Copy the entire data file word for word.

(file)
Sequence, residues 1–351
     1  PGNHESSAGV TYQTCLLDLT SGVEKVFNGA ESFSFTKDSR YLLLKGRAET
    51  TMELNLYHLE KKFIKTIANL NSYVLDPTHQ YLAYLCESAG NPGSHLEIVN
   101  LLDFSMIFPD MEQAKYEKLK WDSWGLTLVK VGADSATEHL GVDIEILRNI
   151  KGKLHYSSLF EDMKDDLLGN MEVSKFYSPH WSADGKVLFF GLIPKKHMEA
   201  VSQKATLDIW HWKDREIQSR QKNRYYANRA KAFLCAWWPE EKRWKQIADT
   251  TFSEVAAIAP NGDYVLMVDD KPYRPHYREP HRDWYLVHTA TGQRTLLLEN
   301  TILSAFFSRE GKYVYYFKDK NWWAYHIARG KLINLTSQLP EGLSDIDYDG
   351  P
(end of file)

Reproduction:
Sequence, residues 1–351
     1  PGNHESSAGV TYQTCLLDLT SGVEKVFNGA ESFSFTKDSR YLLLKGRAET
    51  TMELNLYHLE KKFIKTIANL NSYVLDPTHQ YLAYLCESAG NPGSHLEIVN
   101  LLDFSMIFPD MEQAKYEKLK WDSWGLTLVK VGADSATEHL GVDIEILRNI
   151  KGKLHYSSLF EDMKDDLLGN MEVSKFYSPH WSADGKVLFF GLIPKKHMEA
   201  VSQKATLDIW HWKDREIQSR QKNRYYANRA KAFLCAWWPE EKRWKQIADT
   251  TFSEVAAIAP NGDYVLMVDD KPYRPHYREP HRDWYLVHTA TGQRTLLLEN
   301  TILSAFFSRE GKYVYYFKDK NWWAYHIARG KLINLTSQLP EGLSDIDYDG
   351  P